For publishers, ad revenues fluctuate through the year. This is primarily because of seasonal trends in digital advertising. While fluctuating ad RPMs can be frustrating and gratifying, because one moment they drop and the next moment they rise, they’re all part of a learning experience. They are based on a number of factors like advertiser budgets, seasonality, and consumer trends. As a publisher, your aim must be to maximize revenue irrespective of the season or its trends.
While it is granted that seasonality trends impact publishers year-round irrespective of industry, keeping your revenue high is possible if you pay attention to certain factors and optimize your website. Seasonality has quite a sizable impact on revenue. Some months, your revenue might increase or decrease noticeably. As a publisher, you may not be in a position to control the onset of seasonality trends, but you can understand them and take steps to safeguard your interests.
What Causes Seasonal Fluctuations in the AdTech Industry?
Google says that seasonality is any predictable fluctuation or pattern occurring during certain weeks, every year. Some publishers may experience higher CPMs during the holiday season. This might be during Christmas for countries like the US and the UK, or Diwali, in India. Holidays are a cultural aspect that drives seasonality. Apart from this, publishers might also experience higher CPMs due to commercial aspects like the end of the season and Black Friday sales. Nowadays, advertisers are lavishing large amounts of money on their campaigns, while the number of users online on e-commerce and social media websites is burgeoning. Both these factors contribute towards publishers earning a higher revenue than usual. Last year 2020 saw a significant rise in the number of online consumers, primarily due to Covid-19. eMarketer estimates that US consumers spent around $190.47 billion dollars on holiday eCommerce purchases, a whole $50 billion more than 2019 figures.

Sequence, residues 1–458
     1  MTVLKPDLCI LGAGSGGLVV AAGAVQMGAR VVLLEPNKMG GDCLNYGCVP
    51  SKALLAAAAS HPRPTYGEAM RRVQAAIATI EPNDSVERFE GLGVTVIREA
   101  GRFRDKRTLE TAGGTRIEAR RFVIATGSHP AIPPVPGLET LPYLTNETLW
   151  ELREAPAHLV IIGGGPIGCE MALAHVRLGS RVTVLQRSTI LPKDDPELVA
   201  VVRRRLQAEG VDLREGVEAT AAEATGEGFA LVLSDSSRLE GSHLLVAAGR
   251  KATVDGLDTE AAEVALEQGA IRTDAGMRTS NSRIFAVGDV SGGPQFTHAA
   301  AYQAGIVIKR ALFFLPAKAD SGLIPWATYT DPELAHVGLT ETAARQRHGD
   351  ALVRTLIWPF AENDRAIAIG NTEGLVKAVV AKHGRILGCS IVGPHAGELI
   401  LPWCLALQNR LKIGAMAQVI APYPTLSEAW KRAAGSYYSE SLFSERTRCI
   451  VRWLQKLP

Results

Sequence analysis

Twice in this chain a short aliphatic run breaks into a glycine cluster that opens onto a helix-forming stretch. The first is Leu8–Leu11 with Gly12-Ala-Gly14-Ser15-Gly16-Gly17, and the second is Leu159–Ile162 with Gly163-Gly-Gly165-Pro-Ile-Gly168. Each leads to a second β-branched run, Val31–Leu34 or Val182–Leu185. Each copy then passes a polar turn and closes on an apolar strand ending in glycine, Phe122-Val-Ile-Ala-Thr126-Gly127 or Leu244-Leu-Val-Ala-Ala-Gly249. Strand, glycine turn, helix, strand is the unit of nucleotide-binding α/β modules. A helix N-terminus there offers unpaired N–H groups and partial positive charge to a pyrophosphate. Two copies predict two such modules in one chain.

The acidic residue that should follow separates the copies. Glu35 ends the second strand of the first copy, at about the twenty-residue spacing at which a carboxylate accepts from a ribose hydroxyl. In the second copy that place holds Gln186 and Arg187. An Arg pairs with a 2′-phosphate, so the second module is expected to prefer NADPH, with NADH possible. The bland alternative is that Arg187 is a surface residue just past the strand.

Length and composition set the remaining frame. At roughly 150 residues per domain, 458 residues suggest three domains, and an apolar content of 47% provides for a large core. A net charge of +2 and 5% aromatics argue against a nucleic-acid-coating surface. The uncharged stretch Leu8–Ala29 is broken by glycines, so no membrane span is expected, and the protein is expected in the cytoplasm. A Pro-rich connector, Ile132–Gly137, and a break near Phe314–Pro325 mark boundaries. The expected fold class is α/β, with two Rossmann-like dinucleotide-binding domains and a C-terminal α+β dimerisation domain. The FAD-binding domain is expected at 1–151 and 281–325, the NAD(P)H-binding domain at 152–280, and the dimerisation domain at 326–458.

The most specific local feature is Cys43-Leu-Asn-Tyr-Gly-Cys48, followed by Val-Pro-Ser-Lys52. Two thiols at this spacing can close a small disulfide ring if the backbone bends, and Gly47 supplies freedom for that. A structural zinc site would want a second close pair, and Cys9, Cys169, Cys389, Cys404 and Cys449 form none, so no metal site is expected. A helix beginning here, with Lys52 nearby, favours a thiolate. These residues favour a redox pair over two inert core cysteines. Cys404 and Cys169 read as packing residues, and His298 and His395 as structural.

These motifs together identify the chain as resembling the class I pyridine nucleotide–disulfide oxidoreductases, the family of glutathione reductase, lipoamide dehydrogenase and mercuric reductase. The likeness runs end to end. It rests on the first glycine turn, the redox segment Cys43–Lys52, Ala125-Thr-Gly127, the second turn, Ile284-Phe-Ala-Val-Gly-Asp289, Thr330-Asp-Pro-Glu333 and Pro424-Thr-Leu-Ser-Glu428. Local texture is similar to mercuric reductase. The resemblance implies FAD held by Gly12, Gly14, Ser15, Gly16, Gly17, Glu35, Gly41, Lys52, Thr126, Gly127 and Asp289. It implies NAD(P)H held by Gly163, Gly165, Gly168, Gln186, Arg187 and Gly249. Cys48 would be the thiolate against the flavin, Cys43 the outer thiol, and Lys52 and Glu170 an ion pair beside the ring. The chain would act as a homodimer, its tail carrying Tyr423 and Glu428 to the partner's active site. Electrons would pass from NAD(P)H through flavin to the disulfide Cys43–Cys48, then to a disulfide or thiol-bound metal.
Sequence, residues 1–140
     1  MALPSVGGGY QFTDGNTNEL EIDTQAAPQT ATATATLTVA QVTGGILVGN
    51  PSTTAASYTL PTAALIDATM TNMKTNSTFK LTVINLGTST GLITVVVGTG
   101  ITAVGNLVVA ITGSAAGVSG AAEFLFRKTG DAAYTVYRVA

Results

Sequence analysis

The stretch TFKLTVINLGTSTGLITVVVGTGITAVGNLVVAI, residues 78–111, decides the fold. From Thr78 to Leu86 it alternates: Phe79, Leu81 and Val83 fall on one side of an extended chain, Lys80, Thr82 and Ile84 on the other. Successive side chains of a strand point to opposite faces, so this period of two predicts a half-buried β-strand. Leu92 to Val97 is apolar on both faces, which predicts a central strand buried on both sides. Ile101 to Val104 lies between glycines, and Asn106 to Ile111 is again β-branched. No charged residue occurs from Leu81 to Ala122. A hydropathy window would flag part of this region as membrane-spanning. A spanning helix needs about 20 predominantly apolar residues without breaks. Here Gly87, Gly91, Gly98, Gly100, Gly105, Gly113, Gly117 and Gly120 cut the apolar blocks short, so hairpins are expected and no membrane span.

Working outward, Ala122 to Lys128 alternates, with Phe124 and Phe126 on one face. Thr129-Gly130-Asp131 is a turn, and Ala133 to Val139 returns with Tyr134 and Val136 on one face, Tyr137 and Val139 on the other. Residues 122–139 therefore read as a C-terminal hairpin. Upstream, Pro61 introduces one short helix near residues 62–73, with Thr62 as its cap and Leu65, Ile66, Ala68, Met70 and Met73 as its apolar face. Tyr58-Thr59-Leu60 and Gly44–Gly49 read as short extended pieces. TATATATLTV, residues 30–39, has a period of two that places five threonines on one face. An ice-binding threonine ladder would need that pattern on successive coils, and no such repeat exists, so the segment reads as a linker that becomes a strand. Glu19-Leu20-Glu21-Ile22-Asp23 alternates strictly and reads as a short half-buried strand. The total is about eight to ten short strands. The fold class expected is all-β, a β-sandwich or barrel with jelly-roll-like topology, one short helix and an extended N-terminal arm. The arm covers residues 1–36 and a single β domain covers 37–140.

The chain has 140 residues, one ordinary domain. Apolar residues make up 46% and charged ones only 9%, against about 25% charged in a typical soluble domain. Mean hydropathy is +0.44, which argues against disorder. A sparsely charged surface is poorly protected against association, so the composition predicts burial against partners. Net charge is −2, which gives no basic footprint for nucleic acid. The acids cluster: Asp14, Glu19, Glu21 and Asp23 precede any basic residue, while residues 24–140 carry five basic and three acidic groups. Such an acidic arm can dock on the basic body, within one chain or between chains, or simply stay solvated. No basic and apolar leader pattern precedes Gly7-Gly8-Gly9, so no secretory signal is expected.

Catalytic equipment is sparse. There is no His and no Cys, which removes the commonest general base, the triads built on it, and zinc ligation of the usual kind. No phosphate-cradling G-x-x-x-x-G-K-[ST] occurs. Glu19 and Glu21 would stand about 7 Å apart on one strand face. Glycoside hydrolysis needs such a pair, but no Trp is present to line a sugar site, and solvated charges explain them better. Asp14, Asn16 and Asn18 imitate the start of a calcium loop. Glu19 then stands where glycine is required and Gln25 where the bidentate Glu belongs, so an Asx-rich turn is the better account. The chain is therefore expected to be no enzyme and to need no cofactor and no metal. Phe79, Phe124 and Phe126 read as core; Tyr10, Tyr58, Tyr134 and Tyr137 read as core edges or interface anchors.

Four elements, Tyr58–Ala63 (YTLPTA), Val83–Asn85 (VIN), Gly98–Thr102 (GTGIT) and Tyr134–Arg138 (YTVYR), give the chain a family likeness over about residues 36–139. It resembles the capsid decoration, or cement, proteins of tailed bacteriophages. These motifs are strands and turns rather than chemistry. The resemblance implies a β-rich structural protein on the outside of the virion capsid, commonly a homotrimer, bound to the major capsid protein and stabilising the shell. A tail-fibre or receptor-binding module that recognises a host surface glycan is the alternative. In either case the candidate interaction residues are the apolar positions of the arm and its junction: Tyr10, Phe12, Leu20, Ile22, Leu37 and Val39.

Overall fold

Publishers benefit quite a lot from ad tech trends, serving an increased amount of ads to an ever-widening audience. The converse is also true. Traffic may trickle down during months like January and July. This might primarily be due to the drop in ad spending, as advertisers get back to the drawing board for planning. User behavior changes too, as people get back to normal routines. Seasonal fluctuations might also occur due to ad-hoc reasons, like a World Cup, Olympic games, or a presidential election. Such seasonal patterns could affect publishers. There’s no escaping them. However, some strategic planning might mitigate the damage.
Quarter Wise Breakdown
Most organizations divide their year into 4 quarters, namely
Q1, from January to March
Q2, from April to June.
Q3, from July to September.
Q4, from October to December.
The following points can shed light on what these quarters can bring, so publisher trends can be leveraged accordingly.